The toy classification
The question this book and investigation seeks to answer is now not: “what are the stimulating qualities of each individual toy for a child’s general development?” but rather: “which toys do certain families with certain lifestyles choose or refuse to use in their play/time together?”
The listing of the classification model draws on the instructions of Zacharias (1987): Biographies as the background for “the ecology of play” and Berg-Laase (1987): Social ecological description and methodology: Games and Living Space Analysis.
The classification used in this book (Steenhold (1993,b) was prepared on the basis of information collected from 401 Danish children and their parents concerning the toys they use everyday and their favourite toys. From the collected schematic material returned by the children and their parents, approximately 7000 toys were registered.
Many toys of the same kind were mentioned repeatedly because they exist in different versions and manufacture. Many of the toys were also registered in a variety of versions or were mentioned as plurals.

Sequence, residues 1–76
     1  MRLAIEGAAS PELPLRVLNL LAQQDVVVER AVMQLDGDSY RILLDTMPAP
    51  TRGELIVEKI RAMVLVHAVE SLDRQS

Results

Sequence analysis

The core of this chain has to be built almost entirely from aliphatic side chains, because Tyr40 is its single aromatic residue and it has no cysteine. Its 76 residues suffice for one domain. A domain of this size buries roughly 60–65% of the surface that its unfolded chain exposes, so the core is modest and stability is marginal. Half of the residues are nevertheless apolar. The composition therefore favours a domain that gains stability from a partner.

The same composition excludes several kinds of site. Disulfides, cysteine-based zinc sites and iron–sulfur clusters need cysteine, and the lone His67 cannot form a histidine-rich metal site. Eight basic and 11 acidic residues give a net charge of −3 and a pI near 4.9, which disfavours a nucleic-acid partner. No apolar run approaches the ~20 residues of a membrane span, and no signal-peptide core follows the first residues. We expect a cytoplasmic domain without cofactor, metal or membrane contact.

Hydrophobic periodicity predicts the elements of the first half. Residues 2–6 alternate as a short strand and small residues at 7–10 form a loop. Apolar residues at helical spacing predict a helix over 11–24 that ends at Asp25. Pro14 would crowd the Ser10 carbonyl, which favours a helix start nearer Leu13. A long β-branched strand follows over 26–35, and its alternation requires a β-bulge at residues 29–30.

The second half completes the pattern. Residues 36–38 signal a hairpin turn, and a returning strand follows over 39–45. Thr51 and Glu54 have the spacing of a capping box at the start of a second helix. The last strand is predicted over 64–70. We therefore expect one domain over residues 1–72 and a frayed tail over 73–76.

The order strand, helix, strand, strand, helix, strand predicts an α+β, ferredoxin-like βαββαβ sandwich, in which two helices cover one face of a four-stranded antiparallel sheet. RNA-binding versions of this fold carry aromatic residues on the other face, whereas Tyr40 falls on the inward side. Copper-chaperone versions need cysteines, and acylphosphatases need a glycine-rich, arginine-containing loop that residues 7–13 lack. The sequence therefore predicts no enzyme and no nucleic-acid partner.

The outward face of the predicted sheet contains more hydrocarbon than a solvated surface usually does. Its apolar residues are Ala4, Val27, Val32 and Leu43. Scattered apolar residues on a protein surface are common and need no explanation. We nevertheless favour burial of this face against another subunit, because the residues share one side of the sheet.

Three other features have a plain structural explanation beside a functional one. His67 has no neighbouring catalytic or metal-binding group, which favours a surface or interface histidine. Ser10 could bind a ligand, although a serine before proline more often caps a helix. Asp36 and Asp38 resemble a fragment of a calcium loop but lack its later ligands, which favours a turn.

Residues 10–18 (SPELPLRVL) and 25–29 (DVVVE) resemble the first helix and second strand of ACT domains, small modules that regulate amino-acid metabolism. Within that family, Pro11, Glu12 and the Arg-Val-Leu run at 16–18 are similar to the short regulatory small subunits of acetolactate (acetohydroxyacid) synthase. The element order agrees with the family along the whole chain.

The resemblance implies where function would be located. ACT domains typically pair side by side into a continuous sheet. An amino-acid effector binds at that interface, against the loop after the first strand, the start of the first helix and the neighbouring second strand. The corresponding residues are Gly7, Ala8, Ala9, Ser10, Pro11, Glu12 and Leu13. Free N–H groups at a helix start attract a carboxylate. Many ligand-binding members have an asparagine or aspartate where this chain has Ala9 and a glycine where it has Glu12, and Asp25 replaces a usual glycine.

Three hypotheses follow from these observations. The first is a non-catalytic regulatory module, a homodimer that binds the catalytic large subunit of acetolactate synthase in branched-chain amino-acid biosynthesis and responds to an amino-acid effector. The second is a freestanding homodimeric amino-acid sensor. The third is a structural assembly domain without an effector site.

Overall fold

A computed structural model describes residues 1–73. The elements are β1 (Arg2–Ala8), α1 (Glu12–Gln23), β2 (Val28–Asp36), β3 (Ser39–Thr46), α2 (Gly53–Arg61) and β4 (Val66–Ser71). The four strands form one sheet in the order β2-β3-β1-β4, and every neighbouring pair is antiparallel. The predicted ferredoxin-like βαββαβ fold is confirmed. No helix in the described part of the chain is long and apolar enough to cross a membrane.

The classification itself is built up on the idea that registration of toys should take place as the data collection was underway.
The model is therefore constructed in the centre of the socio-ecological circle and contains:
people, animals, instruments, systems, nature
These are the five main groups in the classification. Each individual toy will be placed in one of 29 subgroups. This means that no single toy will appear more than once in the overview.
5 main groups
real live animal
are not registered because invisible toys can not easily be observed and registered.